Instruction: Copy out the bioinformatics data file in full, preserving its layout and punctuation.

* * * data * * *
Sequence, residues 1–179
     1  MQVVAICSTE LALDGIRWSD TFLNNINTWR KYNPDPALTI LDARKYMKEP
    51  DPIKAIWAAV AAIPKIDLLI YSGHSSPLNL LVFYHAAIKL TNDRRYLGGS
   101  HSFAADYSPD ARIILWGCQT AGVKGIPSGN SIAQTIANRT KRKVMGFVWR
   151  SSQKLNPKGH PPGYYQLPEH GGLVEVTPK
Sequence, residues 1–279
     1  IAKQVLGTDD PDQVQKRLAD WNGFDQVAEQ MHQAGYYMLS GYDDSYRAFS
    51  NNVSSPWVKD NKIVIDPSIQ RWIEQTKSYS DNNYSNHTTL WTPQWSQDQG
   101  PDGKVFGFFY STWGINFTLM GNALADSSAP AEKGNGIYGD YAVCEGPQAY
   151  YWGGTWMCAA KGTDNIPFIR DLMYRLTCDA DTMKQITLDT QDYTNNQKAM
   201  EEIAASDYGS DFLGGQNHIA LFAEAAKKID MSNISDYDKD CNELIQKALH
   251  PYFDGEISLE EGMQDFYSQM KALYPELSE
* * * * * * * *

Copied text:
Sequence, residues 1–179
     1  MQVVAICSTE LALDGIRWSD TFLNNINTWR KYNPDPALTI LDARKYMKEP
    51  DPIKAIWAAV AAIPKIDLLI YSGHSSPLNL LVFYHAAIKL TNDRRYLGGS
   101  HSFAADYSPD ARIILWGCQT AGVKGIPSGN SIAQTIANRT KRKVMGFVWR
   151  SSQKLNPKGH PPGYYQLPEH GGLVEVTPK
Sequence, residues 1–279
     1  IAKQVLGTDD PDQVQKRLAD WNGFDQVAEQ MHQAGYYMLS GYDDSYRAFS
    51  NNVSSPWVKD NKIVIDPSIQ RWIEQTKSYS DNNYSNHTTL WTPQWSQDQG
   101  PDGKVFGFFY STWGINFTLM GNALADSSAP AEKGNGIYGD YAVCEGPQAY
   151  YWGGTWMCAA KGTDNIPFIR DLMYRLTCDA DTMKQITLDT QDYTNNQKAM
   201  EEIAASDYGS DFLGGQNHIA LFAEAAKKID MSNISDYDKD CNELIQKALH
   251  PYFDGEISLE EGMQDFYSQM KALYPELSE